Monday, June 09, 2014

An Attack On Readers, Not A Genre

As I may have said here at some point in the past, I don't respond to articles dissing children's or YA literature. These things appear nearly annually at a couple of well-known Internet publications as well as the New York Times. I believe their purpose is to generate controversy and publicity for the organization doing the publishing. Children's literature was experiencing a big ground swell of popularity during and after the Harry Potter years and YA is wildly popular now. Articles criticizing them are guaranteed to get a rise out of fans. The controversy ends up being covered on blogs and other Internet sites, sometimes in print publications. It's all great publicity for the writers and publishers of the original bash piece. They don't need to get any more from me.

Against YA, the most recent case in point, is a little different from the run-of-the-mill Look! Look! I'm-Saying-Nasty-Things-About-YA-And-What-Are-You-Going-To-Do-About-It? article. Usually these things come in the form of a review of a new book. The reviewer doesn't work in YA or child lit, has little knowledge of it, and says a lot of ignorant things that a whole bunch of people object to. Against YA is simply book shaming. Its author belittles readers for their choice of reading material.

As I was reading it, I was reminded of attitudes toward science fiction and some forms of women's fiction. A writer at io9 picked up on the same vibe. In Really? Are We Still Genre Shaming People For The Books They Like? Lauren Davis says, "This song-and-dance — saying that we should be ashamed of what we like to read — is a familiar one for fans of genre fiction." She continues, "This argument is a familiar one to anyone who has ever heard that serious literature can't contain spaceships or aliens or, god forbid, dragons... But as science fiction and fantasy are being taken more seriously, it seems that we need to find more targets for our elitist sniffing."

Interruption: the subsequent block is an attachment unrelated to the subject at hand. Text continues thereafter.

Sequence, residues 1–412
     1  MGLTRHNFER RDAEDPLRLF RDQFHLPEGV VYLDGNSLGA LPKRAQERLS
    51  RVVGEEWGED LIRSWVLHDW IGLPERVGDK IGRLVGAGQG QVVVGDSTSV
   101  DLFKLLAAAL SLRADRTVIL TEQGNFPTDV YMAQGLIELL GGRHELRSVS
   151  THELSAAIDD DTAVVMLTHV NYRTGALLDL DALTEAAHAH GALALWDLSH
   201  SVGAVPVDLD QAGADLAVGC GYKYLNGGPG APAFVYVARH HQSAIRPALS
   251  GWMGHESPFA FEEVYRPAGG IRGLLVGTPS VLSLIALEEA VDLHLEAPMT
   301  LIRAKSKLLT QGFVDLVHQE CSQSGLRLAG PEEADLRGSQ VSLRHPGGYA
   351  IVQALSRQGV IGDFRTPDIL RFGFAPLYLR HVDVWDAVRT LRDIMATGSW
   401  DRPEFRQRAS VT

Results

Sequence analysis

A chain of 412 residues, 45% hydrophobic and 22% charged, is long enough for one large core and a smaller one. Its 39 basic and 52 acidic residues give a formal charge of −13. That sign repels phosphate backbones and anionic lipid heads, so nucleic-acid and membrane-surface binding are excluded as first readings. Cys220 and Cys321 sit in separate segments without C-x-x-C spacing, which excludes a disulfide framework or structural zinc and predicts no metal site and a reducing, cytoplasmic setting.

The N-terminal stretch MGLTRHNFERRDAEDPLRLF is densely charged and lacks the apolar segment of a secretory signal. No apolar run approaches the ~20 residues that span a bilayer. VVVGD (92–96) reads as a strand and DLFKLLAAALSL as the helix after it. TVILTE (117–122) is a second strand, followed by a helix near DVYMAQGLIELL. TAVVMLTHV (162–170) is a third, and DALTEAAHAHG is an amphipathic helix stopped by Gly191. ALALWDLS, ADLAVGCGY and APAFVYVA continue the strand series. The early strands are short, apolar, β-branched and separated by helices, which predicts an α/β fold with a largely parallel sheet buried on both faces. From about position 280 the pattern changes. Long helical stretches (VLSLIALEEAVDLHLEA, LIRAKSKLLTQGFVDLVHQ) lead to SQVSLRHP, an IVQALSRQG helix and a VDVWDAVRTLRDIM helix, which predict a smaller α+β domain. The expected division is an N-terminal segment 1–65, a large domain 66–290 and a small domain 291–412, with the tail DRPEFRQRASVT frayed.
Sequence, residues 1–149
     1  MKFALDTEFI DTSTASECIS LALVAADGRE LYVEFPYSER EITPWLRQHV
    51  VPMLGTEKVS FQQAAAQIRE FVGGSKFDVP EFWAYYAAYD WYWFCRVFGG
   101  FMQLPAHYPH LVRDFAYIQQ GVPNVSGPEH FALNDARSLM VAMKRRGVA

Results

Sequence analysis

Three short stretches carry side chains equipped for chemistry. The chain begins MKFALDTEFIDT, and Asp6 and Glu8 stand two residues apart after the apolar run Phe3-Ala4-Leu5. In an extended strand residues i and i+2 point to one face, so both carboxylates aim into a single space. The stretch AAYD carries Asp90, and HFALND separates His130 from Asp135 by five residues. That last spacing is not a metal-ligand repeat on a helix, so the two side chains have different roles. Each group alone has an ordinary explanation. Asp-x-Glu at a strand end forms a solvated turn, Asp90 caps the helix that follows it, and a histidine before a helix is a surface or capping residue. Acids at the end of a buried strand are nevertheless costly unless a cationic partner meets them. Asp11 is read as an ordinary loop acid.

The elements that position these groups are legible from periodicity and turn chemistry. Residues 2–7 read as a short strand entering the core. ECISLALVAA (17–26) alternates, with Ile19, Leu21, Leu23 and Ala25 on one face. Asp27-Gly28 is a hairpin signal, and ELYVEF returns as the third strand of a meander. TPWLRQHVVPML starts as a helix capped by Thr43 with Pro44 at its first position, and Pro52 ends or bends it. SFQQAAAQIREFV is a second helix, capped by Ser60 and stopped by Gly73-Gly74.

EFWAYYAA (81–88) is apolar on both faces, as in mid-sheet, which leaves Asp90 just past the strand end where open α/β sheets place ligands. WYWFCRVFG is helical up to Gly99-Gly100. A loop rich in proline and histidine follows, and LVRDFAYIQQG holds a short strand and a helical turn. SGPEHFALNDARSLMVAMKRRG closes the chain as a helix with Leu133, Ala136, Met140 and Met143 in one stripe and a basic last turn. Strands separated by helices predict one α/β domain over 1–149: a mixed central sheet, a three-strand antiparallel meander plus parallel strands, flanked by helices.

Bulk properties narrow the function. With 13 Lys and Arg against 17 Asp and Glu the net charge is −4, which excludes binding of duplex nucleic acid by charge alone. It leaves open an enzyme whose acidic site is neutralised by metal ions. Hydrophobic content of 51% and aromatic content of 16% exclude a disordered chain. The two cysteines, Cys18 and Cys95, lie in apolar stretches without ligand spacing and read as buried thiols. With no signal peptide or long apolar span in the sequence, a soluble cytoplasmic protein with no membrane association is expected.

Personally, I don't believe the target in Against YA is the genre. It's readers. That's why it's particularly distasteful.


Ms. Yingling said...

And I spend all of my time telling students that they can read whatever makes them happy. I find that I just enjoy middle grade books more, so I'm going to take my own advice and not worry about it. You're right about not giving any attention to the naysayers!

Anonymous said...

I really liked DuPrau's The City of Ember and the Westerfeld's Uglies series. So what if they had young lead characters? I'm a 60 year old civil engineer and am not ashamed to say I like YA.

Gail Gauthier said...

It's hard to tell just what the author of the Slate piece is complaining about. I think it's basically, "I don't like the books you like, so your books must be bad."

I think you could argue that that is a very traditional way of thinking in our society. "I like Coke/my blue jeans/my politics. That means Pepsi/your blue jeans/your politics stink." I don't know what kind of logic that is, but a lot of people accept it.